In their article, Don’t Just Capture Knowledge – Put It to Work, Katrina Pugh and Nancy M. Dixon discuss ways to ensure that institutional knowledge is available for those who need it and not simply filed away in the archives. They use an approach called a “knowledge harvest: a systematic, facilitated gathering and circulation of knowledge.”
“The key,” they say, “is to identify, before the harvest begins, others in the organization who could use the knowledge (the ‘knowledge seekers’) and involve them in gathering valuable lessons.” The case study in the article involved a health-care consulting team. The authors reported that the knowledge seekers participated out of self interest and therefore asked “tough, exploratory questions of knowledge originators, extracting important nuances…how knowledge might be applied elsewhere, what worked and what didn’t, and so on.”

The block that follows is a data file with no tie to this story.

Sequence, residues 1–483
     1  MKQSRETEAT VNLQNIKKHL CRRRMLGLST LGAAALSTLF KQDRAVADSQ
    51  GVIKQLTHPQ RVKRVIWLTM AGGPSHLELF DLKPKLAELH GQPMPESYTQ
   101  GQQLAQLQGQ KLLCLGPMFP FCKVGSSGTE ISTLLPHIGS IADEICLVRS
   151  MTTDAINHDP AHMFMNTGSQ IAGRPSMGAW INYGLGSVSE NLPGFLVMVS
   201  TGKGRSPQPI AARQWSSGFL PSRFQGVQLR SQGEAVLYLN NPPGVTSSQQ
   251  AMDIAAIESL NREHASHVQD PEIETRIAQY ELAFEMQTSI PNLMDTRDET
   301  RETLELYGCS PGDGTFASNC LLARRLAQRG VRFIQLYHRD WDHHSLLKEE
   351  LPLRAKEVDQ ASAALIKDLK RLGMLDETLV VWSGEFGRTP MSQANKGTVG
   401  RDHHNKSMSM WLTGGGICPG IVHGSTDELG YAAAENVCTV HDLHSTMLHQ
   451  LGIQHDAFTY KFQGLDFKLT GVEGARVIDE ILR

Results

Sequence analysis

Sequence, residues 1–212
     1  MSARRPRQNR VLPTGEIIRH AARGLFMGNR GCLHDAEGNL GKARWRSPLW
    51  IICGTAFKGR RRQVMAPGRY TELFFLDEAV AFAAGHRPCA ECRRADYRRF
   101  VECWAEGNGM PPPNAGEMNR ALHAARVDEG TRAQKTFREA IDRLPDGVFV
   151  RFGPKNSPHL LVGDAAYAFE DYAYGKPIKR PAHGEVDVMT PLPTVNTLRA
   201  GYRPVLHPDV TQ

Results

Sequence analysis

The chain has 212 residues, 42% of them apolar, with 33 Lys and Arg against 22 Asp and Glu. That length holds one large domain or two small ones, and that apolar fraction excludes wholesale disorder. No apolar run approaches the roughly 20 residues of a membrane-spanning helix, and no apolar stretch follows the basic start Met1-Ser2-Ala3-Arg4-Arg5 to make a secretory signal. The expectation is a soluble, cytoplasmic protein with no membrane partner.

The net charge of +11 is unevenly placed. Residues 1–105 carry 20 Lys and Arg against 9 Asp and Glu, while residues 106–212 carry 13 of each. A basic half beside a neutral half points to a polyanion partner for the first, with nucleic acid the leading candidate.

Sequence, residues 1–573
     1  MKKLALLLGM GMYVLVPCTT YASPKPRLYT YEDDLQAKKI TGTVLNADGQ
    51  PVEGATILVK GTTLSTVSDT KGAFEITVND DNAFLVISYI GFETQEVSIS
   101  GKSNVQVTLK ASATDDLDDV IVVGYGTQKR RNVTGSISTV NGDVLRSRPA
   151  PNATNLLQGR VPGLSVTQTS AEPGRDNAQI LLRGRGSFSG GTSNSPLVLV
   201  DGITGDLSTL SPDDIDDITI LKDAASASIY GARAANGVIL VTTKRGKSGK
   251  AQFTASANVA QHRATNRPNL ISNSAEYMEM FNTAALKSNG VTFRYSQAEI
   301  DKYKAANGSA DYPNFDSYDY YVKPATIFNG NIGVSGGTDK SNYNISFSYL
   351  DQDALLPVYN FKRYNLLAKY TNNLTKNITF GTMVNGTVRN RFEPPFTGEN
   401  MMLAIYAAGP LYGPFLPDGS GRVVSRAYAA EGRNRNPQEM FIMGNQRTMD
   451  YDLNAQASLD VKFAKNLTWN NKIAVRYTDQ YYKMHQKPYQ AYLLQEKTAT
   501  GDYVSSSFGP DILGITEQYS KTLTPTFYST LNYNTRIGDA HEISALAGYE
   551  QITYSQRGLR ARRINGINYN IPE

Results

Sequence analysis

One factor not discussed was the ease with which the facilitators were able to obtain the assistance of the key participants, the knowledge seekers. For law firm KM folks, we know all too well that getting our knowledge seekers–the attorneys–to participate in knowledge-sharing activities is tough. Since KM activities don’t directly contribute to the all-important Profits Per Partner (it’s Am Law 100 season!), when they finish one case or deal it’s usually on to the next. “Post mortem” and “after action review” are not terms they teach in law school. And good luck getting attorneys involved before some “knowledge harvesting” activity begins.
Legal KM folks always have to keep in mind what I like to call the Zero-Percent Rule: try to make any KM initiative require zero percent of an attorney’s time. It’s a half joke, but painfully funny. Ask anyone involved legal knowledge management and they’ll tell you that it’s a real problem. More on the Zero-Percent Rule later.
So, to all you legal KM folks out there: Can a knowledge harvest work in a busy law firm? Is this a question of KM culture, technology, both, or neither?
LawyerKM :: Knowledge Management & Technology for Lawyers and Law Firms